LimeWire and Labels Face Off Over Damages
MANHATTAN (CN) - Attorneys offered competing explanations of how major record labels view file-sharing software as opening arguments kicked off the damages trial against former LimeWire CEO Mark Gorton on Wednesday.
Industry insiders paint the phenomenon in biblical terms of "Thou shalt not steal." An attorney for the labels said LimeWire's operations invited "the biggest theft of music in the history of the world."
But Gorton's defense attorney Joseph Baio claims that, behind closed doors, label execs spoke candidly about how peer-to-peer downloading could benefit their businesses, if they only adapted to changing times and technologies.
As early as May 11, 2000, Warner Music's former chairman Edgar Bronfman wrote in an internal memo, "I want a legal Napster," Baio said. That same year, major labels sued Napster, the original file-sharing software created by a college student, shutting it down by 2001.
Grokster, another peer-to-peer software company, lost a Supreme Court cast on June 27, 2005, in a decision that also shuttered Morpheus, Kazaa, WinMx, eDonkey, Bearshare and i2hub.
Though now defunct, LimeWire outlasted all of these companies. Its supporters insist that file-sharing will outlive all the record labels' present and future litigation.
But the eight-person jury listening to opening arguments on Wednesday afternoon will not determine whether LimeWire's peer-to-peer file-sharing is illegal; a judge already determined that it was in May 2010.
Instead, jurors will decide how much Gorton owes the labels in damages.
Thirteen labels that have joined the suit against Gorton are clamoring for more than $1 billion, but Gorton believes that he owes less than $10,000.
Glenn D. Pomerantz, who represents Sony, Universal, Warner and EMI, said the case boiled down to a simple illustration: a music store with an awning marked "Music for Sale" beside another with a sign "Music for Free!," competing in a timeless urban setting with cast iron lampposts, brownstone apartments and catwalk fire escapes.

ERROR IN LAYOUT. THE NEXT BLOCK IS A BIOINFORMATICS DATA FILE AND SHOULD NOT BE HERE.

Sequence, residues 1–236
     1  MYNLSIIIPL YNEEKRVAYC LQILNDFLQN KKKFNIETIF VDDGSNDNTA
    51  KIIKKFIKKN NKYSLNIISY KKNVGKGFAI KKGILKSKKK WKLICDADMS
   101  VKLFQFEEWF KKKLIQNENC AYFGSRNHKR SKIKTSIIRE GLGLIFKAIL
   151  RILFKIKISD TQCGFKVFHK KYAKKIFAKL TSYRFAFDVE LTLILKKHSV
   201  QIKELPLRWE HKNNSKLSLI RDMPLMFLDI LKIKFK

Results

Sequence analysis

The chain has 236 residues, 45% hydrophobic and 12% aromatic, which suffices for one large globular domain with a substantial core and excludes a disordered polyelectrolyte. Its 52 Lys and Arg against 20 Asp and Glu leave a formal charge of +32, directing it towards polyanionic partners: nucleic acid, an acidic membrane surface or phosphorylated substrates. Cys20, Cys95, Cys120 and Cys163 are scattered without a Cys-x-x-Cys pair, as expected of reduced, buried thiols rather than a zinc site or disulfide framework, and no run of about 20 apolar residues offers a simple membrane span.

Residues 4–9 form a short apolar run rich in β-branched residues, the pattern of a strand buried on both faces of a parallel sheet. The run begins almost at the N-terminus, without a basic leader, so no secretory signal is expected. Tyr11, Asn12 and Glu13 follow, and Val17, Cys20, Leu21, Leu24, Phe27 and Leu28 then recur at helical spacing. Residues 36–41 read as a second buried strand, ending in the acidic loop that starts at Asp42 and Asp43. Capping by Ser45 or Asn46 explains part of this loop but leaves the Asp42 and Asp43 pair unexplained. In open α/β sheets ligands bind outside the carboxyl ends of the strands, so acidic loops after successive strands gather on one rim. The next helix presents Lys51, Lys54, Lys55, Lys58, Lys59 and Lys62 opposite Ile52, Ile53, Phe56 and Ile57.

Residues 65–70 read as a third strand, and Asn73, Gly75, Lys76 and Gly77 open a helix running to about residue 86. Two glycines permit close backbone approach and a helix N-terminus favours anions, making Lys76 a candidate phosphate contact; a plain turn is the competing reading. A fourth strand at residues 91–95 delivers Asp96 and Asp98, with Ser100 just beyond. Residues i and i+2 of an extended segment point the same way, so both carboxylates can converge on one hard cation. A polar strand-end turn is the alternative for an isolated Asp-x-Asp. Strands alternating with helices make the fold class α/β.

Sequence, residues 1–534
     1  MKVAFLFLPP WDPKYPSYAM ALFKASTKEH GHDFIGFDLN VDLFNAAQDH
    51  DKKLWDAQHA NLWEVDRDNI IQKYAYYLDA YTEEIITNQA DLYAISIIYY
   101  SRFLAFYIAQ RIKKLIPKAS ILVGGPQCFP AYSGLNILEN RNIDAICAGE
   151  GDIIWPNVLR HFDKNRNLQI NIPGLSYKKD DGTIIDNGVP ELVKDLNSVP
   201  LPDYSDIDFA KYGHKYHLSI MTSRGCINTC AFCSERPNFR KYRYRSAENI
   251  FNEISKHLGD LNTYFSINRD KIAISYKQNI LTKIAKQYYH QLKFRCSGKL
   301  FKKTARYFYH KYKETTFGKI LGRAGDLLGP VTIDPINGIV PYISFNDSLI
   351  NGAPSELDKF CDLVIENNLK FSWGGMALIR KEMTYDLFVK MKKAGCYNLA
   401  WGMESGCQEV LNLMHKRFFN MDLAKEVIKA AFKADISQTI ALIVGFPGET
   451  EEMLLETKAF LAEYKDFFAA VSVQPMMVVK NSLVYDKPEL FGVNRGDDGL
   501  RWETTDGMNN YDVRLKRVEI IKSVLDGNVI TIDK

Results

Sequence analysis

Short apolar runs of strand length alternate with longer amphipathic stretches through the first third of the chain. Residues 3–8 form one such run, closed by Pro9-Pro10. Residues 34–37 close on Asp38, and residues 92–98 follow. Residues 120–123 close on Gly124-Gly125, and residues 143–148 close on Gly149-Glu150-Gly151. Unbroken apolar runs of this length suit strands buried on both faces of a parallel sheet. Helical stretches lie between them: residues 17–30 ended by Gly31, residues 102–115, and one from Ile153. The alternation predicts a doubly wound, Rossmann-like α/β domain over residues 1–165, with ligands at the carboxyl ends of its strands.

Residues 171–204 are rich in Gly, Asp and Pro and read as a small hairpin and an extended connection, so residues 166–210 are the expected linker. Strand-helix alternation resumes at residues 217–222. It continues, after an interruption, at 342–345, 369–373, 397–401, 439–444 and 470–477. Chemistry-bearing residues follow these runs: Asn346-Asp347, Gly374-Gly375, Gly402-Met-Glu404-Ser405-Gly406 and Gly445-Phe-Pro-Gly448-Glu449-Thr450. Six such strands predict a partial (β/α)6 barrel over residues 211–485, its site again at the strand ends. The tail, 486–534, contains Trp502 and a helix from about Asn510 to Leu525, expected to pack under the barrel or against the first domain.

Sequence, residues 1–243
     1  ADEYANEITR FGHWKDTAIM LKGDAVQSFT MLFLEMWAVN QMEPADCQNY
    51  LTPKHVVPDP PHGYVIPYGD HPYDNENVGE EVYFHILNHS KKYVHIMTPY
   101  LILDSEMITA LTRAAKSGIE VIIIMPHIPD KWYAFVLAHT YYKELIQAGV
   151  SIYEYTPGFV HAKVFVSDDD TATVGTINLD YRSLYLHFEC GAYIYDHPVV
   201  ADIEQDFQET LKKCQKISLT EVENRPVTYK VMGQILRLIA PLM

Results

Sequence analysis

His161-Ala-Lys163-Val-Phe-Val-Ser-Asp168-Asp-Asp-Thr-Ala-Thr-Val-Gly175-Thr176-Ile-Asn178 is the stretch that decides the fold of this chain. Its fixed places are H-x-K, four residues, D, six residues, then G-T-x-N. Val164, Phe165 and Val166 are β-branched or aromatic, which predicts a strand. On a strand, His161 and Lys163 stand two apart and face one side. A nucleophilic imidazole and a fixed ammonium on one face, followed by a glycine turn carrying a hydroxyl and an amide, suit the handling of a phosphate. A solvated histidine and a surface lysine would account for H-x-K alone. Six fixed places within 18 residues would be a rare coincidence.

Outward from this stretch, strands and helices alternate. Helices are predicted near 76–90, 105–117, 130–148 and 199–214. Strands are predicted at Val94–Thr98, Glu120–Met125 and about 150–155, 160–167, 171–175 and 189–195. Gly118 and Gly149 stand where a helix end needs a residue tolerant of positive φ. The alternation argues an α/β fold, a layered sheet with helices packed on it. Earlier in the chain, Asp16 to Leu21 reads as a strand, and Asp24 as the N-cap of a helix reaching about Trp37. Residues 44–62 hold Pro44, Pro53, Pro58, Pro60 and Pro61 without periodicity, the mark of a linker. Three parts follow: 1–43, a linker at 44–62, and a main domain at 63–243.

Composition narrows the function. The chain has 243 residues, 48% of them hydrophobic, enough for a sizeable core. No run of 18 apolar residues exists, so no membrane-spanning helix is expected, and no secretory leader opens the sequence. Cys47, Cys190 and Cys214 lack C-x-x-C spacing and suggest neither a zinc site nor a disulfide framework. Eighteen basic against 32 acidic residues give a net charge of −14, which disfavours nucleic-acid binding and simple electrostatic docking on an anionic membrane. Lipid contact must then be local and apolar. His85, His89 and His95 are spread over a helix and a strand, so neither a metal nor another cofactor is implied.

To transfer the image into the digital sphere, he showed the same illustrations transposed on a computer monitor.
With digital competitors like LimeWire peddling their goods for free, the labels lost 52 percent of their revenues over a decade, from 2000 to 2010, Pomerantz said.
Gorton's attorney countered that the record companies intentionally portrayed a distorted landscape of the impact of file-sharing software.
"It's not true, and the plaintiff's don't believe it's true," Baio said.
Court documents reveal that the defense built much of its case during discovery by obtaining the label's internal documents, which allegedly show that labels may have profited from file-sharing.
Baio seemed eager Wednesday to reveal what he found.
According to one future defense exhibit, Victory Records CEO Tony Brummel told Universal Music CEO Zach Horowitz, "You can't compete with free." Horowitz replied, "We can. We have to. It's just that we have to be creative and add value."
Bronfman, the Warner exec who wanted a "legal Napster," said in another internal document, "[W]e inadvertently went to war with consumers ... [and] consumers won."
CD sales may be dropping, but Baio said live concerts are flourishing, in part because file-sharing has introduced consumers to new artists and songs.
"The real nightmare of a writer is to be unknown," Biao said. "For the musician, it's to be unheard."
He added that music industry executives have also acknowledged that software like LimeWire has not been uniquely responsible for illegal file-sharing.
Baio promised that Recording Industry Association of America chairman Mitch Bainwol allegedly said as much in a memo - "Burning and Ripping [CDs] are Becoming a Greater Threat Than P2P [Peer-to-Peer]."
While P2P "gets most headlines," it is not a unique threat, Baio said, quoting Thomas Hesse, president of Sony Music Entertainment's Global Digital Business.
Other execs allegedly complained about consumers sharing whole records on instant messages, or through legal channels like Google and YouTube.
Meanwhile, attorneys for the record labels say LimeWire's internal documents paint a different picture.
One such file, strategizing the company's outreach, divided users into such categories as "Hardcore Pirates" and "Morally Persuadable," Pomerantz said.
Baio argued that file-sharing will continue despite the labels' and courts' efforts to quash it because of morality or legality.
He held up an iPod that holds up to 40,000 songs and suggested it was not made for the legal downloader.
To fill it with songs at $1 apiece, or even 50 cents each, would cost consumers tens of thousands of dollars.
"Music that is free is here to stay. The world has changed. The consumer is king," Baio concluded.
Witness testimony began with Zach Horowitz, the Universal Music CEO who - according to the defense - wrote that labels "can" and "have to" compete with free.